Snow Patrol is a pillar of the Glasgow music scene and its members are principals in the Scottish supergroup the Reindeer Section, which features members of Mogwai, Arab Strap, and Belle & Sebastian. Last year's A&M/Interscope CD Final Straw distills the band's spacey pop into a concise, emotionally charged collection that sounds like Sebadoh as produced by Dave Fridmann. – Michael Chamy


Glenn Tilbrook

10pm, Momos
Together with Chris Difford, Glenn Tilbrook wrote and performed a long list of genre-defining, British pop hits in Squeeze. Difford stepped back from the grind after 1998's Domino, so Tilbrook went solo, releasing The Incomplete Glenn Tilbrook in 2001 on his own Quixotic London label to widespread pop-maven acclaim. – Greg Beets


The Veils

10pm, Rockstars
Sailing the same Coldplay waters of Starsailor, London quartet the Veils orchestrate their moody push 'n' pull like pros. Kiwi-informed Finn Andrews recalls a measured Rufus Wainwright pouring ash and honey into the piano, while the band's April debut on Rough Trade, The Runaway Found, is another new Brit notable. – Raoul Hernandez


Fantasy's Core

10pm, Pyramids
Hailing from Nagasaki (or, "Bomb City," as they would say), Fantasy's Core hawks high-decibel blues-punk peppered with liberal doses of slightly surreal schtick between songs. Vocalist Mao Karisu is a charismatic showman embodying the cinematic traditions of both Yakuza and slapstick comedy. – Greg Beets


The Broken Family Band

10pm, Cedar Street Courtyard
This Cambridge, Mass., quartet is the perfect complement to the local bands on this showcase, Milton Mapes and the Gourds: wry alt.country filtered through a dry British wit. The resulting Jesus Songs (Track & Field) isn't so much about the passion of the Christ as the ironic debauchery of his flock. – Melanie Haupt


Anders Parker

10pm, Bigsby's
With his Artemis/E-Squared deal yielding only 2001's Songs in a Northern Key, Varnaline's man behind the V is readying his first solo album even as the NY trio's hardball catalog has been self-reissued. On a recent tour with A-town's South San Gabriel, Parker's flesh-and-bone songwriting was as fierce as ever. – Raoul Hernandez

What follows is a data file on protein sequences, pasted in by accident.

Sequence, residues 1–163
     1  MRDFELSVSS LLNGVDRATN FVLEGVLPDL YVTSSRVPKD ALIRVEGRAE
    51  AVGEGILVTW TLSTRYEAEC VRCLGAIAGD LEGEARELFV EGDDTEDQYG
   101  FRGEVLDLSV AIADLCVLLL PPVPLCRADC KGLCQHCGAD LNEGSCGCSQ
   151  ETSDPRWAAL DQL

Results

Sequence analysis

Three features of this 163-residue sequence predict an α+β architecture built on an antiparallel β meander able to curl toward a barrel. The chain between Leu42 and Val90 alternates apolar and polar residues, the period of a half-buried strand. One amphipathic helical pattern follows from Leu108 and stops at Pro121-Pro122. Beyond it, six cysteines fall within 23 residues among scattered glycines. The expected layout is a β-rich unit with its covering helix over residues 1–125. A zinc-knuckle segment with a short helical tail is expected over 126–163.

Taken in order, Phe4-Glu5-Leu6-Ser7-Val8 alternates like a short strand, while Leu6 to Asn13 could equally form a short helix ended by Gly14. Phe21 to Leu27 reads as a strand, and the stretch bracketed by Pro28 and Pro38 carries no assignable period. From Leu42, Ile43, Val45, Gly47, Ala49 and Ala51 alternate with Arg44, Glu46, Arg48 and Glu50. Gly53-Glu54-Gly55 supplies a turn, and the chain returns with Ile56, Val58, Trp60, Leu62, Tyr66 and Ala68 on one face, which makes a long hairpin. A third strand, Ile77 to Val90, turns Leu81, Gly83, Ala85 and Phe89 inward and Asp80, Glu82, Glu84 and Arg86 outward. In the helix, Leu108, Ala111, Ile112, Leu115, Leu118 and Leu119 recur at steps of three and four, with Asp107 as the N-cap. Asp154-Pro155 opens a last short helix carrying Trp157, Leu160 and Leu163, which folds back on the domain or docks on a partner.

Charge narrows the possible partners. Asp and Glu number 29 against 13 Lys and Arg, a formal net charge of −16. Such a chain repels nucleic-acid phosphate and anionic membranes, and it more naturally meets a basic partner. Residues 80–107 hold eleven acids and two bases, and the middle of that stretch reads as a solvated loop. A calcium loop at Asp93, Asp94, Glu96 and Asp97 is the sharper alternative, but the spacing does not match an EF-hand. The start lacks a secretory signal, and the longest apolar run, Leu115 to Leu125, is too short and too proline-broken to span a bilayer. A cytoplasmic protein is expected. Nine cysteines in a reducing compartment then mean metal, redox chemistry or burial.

The Gourds

10pm, Austin Music Hall
A band so beloved that their Yahoo list fans are currently recording a tribute album to them, the Gourds embody the Austin mystique. Too quirky for the mainstream, their rootsy tunes and droll, salty lyrics are "music for the unwashed and well-read." The quintet's finest work in several years came out in 2003 as the Growin' a Beard documentary soundtrack, with Something's Brewin' in Shiner to come. – Margaret Moser


Tom Freund

10pm, 18th Floor @ Crowne Plaza
A KCRW favorite and longtime critics' darling, this Venice-based singer-songwriter and Silos alumni returns with his third solo set, Copper Moon, a collection of gorgeous melodies and compelling narratives that suggest he'll uphold his reputation for turning in magnificent SXSW performances. – Andy Langer


Rhett Miller

10pm, Cactus Cafe
For nearly 10 years, Rhett Miller has been the charismatic frontman for Dallas' Old 97's, one of the smartest, hardest-rocking bands on the pop/rock/twang scene. In 2002, Rhett released a solo album, The Instigator, which shone with a more contemporary strum and jangle. – Jim Caligiuri


Charlie Musselwhite & Charlie Sexton

11pm, Continental Club
Duos don't get more dynamic than Memphis harp king Charlie Musselwhite and Austin guitar ace Charlie Sexton. Dylan's former bandleader demonstrates similar command on Musselwhite's Real World debut, Sanctuary, featuring songs by Sexton, Townes Van Zandt, and gospel guests the Blind Boys of Alabama. – Margaret Moser


Legendary Shack Shakers

11pm, Antone's
The Shack Shakers' superhuman stage antics and berserk take on country music and Southern life in general are nearly unmatched. Their Bloodshot release Cockadoodledon't is a pale representation of their Stooges doing tweaked-out country punk live pounding. – Jerry Renshaw


Flogging Molly

11pm, Emo's Annex